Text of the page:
Language and library specification
1 The Haskell 2010 report
The Haskell 2010 report was published in July 2010, and is the current definition of the Haskell language. It is freely available online, in the following formats:
Note that these documents are intended to define Haskell and are not appropriate for learning Haskell. For the latter have a look at the Haskell bookshelf.
The sources for the Haskell report are also available:
2 The Haskell 98 report
The Haskell 98 (Revised) Report is published by Cambridge University Press, as a book "Haskell 98 language and libraries: the Revised Report", and also as a Special Issue of the Journal of Functional Programming 13(1) Jan 2003.
The Haskell 98 report is also available online in a number of formats:
- The Haskell 98 Report (Revised)
- HTML (tar + gzip) [202K]
- Postscript (gzip) [330K]
- PDF [820K]
- PDF (gzip) [650K]
- A translation of the full report into Russian
- Syntax diagrams for Haskell, by Jeroen Fokker. The accompanying text is in Dutch, but the syntax diagrams are legible in any language.
- The Haskell 98 grammar hyperlinked by Peter Hercek.
A complete list of all changes made to both reports between the Jan 1999 publication and the Revised Report (Dec 2002).
The source for the Report is in a publicly visible CVS repository. If you render the report in a new way that others may wish to use, please let us know and we'll add it to this web page. If you have any other ways to package the report please let us know and we'll add them.
3 Addenda to the report
These addenda to the Haskell 98 report were both incorporated in the Haskell 2010 report, so they are included here only for historical interest.
4 Future revisions of the language
Language revisions are expected to be produced once per year, starting with Haskell 2010. The continuous revision process is called Haskell Prime.
5 Related work
- A lexer, parser and pretty printer for Haskell, available in the haskell-src library
- Typing Haskell in Haskell
- A Haskell program that implements a Haskell typechecker, thus providing a mathematically rigorous specification in a notation that is familiar to Haskell users. Its web page is cached here.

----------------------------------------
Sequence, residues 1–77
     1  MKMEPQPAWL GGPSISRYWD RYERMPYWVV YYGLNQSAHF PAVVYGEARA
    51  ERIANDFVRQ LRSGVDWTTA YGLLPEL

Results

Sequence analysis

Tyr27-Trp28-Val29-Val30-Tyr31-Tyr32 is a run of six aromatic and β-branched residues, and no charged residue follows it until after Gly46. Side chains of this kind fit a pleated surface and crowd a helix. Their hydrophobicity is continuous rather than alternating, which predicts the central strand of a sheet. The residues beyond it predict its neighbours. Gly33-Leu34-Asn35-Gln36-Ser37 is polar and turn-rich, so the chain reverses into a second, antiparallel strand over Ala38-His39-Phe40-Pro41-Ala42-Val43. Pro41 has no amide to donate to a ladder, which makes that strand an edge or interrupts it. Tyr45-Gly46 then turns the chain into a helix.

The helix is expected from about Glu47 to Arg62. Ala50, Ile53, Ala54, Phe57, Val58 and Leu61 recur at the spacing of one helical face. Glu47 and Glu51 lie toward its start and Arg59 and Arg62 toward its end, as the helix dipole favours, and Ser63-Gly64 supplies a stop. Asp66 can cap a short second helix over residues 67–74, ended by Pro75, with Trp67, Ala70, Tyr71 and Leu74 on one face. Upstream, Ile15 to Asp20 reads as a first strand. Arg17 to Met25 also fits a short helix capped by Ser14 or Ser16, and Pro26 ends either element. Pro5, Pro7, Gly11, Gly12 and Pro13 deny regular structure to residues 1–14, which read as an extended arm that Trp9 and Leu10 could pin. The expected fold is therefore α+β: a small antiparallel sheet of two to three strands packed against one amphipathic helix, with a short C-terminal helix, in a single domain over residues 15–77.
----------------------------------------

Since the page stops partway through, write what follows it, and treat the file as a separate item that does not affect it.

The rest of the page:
- Core language operational semantics in Twelf.
- A space semantics for the core language. Adam Bakewell. Proc. 2000 Haskell Workshop. September 2001.
- A Systematic Derivation of the STG Machine Verified in Coq
- Pirog and Dariusz Biernacki, 2010
- STG machine model
- Formally verifying an STG machine
6 Historic development of Haskell
The Haskell 98 report was released in February 1999; it is a refinement and simplification of Haskell 1.4. See the Haskell 98 page for more details on Haskell 98 and changes from Haskell 1.4.
The definition of Haskell version 1.4 was finished in April 1997. It contains just minor changes with respect to version 1.3 from May 1996, whereas the step from version 1.2 to version 1.3 was quite large.
- Original Haskell 98 report
- Original Haskell 98 library report
- Haskell 1.4 report
- Haskell 1.4 library report
- Haskell 1.3 report (May 1996)
- Postscript (gzip) [140 pages, 225 K]
- Changes from 1.2
- A short guide on converting programs from Haskell 1.2 to 1.3
- Haskell 1.2 report (March 1992)
- Postscript (gzip) [176 pages, 230 K]
- Haskell 1.1 report
- Tarball (gzip) [469 K]
- Haskell 1.0 report
Old definitions of the semantics of Haskell:
- The Static Semantics of Haskell
- Simon Peyton Jones and Philip Wadler, Unpublished Technical Report, University of Glasgow, 1991, 49 pages.
- A Dynamic Semantics for Haskell (Draft)
- Kevin Hammond and Cordelia Hall, University of Glasgow, 1992, 23 pages.